Street Society is a weeklong design event facilitated by architecture staff from the School of Natural and Built Environment, Queen’s University Belfast. As an annual outreach project, it brings clients from not-for-profit community and voluntary sectors together with talented students of architecture, to produce in five days something remarkable.
Street Society first formed eight years ago. It arose out my own previous experience of being taught and teaching architecture through live projects so it’s a central methodology for me. Street Society resides in a small corner of the architecture curriculum at Queen’s University Belfast, bringing together 1st year students both from the undergraduate and postgraduate degrees courses in architecture for one week. At different stages students from other disciplines (Music, Anthropology, etc) have been involved but live projects are reliant on commitment, self organisation and a healthy ability to improve – so it’s not for everyone.
The ambition of Street Society is to work with communities beyond the university. In the first 6 years this came about through existing networks and calls-out – and it was successful with students working with a range of community organisations – bringing their skills, and enthusiasm to an identified problem. But typically the community groups were already informed and knew the benefits of working with young architects. Our ambition however has always been to use it to empower those people in society with the least access to architects or universities.
Two years ago Street Society began to be funded by the Department of Communities in partnership with the Urban Villages Initiative, which sits within the Executive Office of the Northern Irish Assembly. That funding allows five postgraduate students to work with communities in the five designated Urban Villages approximately four months in advance to develop a brief that teams of 7-8 architecture students later respond to over one week: researching best practice, carrying out historical and contemporary analysis, mapping, constructing and/or proposing designs – much as any other live project would run. The students are located out in the communities for the full week – it’s difficult at times to prise students from their white, wifi-ed studio spaces but being physically located in their respective communities for the week is a purposeful part of the learning process – even though finding suitable venues for over 100 students has its challenges.
In this context Street Society is contributing to the Urban Villages’ strategy for community consultation and engagement. Urban Villages, as defined by the Executive, are areas of high deprivation across Northern Ireland. They are the communities that suffered the most during the period of Troubles /Conflict and they are regarded as the places where violence could again erupt if peace building is not sustained. But equally they represent areas of high potential and it’s in this light that we address them.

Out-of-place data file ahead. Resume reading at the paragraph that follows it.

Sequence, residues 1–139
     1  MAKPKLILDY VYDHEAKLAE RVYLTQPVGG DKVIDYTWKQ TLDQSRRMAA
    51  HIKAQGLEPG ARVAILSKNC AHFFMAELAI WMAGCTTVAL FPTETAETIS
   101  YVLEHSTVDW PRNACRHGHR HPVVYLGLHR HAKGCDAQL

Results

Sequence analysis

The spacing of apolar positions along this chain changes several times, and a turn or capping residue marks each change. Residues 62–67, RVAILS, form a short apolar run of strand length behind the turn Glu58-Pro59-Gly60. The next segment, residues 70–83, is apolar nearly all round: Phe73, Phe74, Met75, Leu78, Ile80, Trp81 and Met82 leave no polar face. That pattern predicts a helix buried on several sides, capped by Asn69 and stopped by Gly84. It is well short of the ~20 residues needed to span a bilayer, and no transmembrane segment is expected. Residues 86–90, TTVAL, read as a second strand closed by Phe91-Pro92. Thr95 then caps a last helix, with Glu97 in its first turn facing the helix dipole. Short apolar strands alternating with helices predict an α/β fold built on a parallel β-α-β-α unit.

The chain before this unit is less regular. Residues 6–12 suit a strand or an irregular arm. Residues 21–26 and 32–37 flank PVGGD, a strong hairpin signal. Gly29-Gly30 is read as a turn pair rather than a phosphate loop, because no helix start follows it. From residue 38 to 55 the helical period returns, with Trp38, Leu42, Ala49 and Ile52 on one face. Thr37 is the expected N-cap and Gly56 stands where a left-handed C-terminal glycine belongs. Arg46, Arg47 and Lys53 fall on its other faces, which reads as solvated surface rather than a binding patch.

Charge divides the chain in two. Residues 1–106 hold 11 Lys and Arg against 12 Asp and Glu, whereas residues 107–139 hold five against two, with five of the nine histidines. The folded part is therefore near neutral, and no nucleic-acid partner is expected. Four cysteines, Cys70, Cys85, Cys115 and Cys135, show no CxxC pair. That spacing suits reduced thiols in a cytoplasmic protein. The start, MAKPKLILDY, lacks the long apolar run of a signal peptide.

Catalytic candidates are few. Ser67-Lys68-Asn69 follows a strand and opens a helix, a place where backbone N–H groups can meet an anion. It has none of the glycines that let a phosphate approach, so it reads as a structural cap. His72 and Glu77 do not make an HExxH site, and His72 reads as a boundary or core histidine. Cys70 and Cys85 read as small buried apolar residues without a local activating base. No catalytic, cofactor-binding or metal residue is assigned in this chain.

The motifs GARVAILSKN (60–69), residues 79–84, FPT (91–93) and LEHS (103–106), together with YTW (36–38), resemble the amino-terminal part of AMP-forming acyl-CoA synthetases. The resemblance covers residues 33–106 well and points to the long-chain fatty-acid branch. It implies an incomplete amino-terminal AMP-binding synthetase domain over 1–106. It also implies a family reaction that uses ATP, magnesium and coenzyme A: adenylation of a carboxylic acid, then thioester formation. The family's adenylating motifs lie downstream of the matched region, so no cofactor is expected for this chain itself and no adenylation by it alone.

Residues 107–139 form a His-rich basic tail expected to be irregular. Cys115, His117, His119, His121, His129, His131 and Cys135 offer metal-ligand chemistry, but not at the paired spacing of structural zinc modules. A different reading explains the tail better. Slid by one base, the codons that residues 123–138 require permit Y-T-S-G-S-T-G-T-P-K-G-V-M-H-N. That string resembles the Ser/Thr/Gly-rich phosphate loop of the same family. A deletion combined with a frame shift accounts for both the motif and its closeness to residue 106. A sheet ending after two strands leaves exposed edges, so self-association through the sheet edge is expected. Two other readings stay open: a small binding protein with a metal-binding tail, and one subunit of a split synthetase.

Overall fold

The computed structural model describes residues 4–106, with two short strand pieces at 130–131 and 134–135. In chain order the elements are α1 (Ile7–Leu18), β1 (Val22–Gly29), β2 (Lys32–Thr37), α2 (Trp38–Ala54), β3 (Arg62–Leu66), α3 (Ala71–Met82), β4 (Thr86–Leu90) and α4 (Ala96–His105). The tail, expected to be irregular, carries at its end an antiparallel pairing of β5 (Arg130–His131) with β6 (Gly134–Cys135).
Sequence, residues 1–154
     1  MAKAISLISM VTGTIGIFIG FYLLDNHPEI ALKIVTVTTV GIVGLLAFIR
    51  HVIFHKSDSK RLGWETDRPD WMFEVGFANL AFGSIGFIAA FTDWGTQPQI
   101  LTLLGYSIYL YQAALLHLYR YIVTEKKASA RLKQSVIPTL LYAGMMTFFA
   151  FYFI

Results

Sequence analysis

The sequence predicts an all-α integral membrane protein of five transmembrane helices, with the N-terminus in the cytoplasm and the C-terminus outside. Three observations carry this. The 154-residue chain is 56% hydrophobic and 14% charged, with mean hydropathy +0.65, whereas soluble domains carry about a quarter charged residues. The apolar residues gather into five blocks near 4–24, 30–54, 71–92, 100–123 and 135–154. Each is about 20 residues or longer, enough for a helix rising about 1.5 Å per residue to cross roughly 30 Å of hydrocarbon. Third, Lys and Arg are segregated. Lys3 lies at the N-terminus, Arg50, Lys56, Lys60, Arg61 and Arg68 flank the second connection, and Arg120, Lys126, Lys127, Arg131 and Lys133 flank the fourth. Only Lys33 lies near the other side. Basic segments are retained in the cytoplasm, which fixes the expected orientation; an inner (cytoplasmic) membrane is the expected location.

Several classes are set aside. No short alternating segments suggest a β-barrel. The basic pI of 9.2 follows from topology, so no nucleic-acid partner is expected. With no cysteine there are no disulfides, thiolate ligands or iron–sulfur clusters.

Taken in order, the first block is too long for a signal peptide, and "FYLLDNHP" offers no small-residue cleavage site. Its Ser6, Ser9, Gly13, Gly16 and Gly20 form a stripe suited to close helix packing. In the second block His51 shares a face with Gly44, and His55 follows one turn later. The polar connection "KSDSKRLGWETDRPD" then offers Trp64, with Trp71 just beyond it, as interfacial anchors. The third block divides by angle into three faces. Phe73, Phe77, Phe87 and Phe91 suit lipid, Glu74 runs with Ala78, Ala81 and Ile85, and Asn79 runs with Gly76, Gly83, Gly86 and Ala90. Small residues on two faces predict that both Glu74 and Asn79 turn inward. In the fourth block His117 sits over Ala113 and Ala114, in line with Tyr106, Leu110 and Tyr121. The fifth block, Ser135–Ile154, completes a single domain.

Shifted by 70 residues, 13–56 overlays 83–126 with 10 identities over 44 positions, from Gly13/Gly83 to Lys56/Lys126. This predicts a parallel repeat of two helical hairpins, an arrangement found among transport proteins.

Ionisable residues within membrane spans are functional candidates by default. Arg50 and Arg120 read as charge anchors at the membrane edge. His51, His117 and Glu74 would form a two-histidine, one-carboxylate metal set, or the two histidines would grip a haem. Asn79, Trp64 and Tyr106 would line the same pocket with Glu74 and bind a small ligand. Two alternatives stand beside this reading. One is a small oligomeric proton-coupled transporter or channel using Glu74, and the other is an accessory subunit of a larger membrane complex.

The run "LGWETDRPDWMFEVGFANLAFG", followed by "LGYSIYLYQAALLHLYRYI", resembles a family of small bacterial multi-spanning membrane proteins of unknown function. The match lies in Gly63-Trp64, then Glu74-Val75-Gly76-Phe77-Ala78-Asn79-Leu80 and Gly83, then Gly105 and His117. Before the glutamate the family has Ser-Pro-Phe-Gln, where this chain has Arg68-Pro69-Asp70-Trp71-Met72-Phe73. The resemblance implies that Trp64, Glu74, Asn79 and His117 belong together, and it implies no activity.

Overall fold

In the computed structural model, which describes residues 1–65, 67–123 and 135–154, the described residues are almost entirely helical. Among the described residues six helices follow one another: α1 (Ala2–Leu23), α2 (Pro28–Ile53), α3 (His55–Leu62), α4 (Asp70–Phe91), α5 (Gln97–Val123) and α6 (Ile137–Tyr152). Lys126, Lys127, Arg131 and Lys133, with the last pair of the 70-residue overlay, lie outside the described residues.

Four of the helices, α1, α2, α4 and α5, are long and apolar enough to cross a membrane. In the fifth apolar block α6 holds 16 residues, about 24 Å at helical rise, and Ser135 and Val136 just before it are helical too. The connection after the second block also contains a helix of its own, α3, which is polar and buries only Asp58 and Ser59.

The purpose of Street Society is as a place of shared learning. The students learn from one another and from the clients, and the community clients gain insight into the process of design and the value of their immediate built environment. This open learning-design process does not result in deliverable architectural solutions: instead it is about demonstrating possibilities; capturing ideas that already exist at community level; and demonstrating their value. The process places students and the interested community on the same level: with no hierarchy. Ideas, needs and aspirations are voiced, listened to and, with skill and youthful passion, translated into proposals.
Street Society does not want to compete with practicing architects nor community consultation processes. Instead the students- together with their clients- demonstrate and achieve in one week an enthusiasm for listening and learning; and an ability to visually capture ideas, releasing new potentials and new unfolding futures.
The outputs of Street Society are sketches, plans, 3-D images, maps, models, artifacts and ideas: some of which come back into the community for further discussion, some become embedded in community plans or inform funding bids. In addition a few projects are taken into the capital pipeline of the Executive Office for further brief development. So if you come back in 3 to 5 years time, you might see how some of the projects have developed. It is however difficult and highly politicized territory where decisions and actions progress with caution…..But the really valuable outcomes are richer awareness and the new relationships that grow between community organisations, university structures, and future built environment professionals: it’s really a societal dialogue about the built environment at street level.
Ruth Morrow is Professor of Architecture at Queen’s University Belfast where she teaches and researches around ‘spaces of rehearsal’ (Street Society is one such example, as is her work with the arts organization PS²) and ‘material practices’. @buildingclouds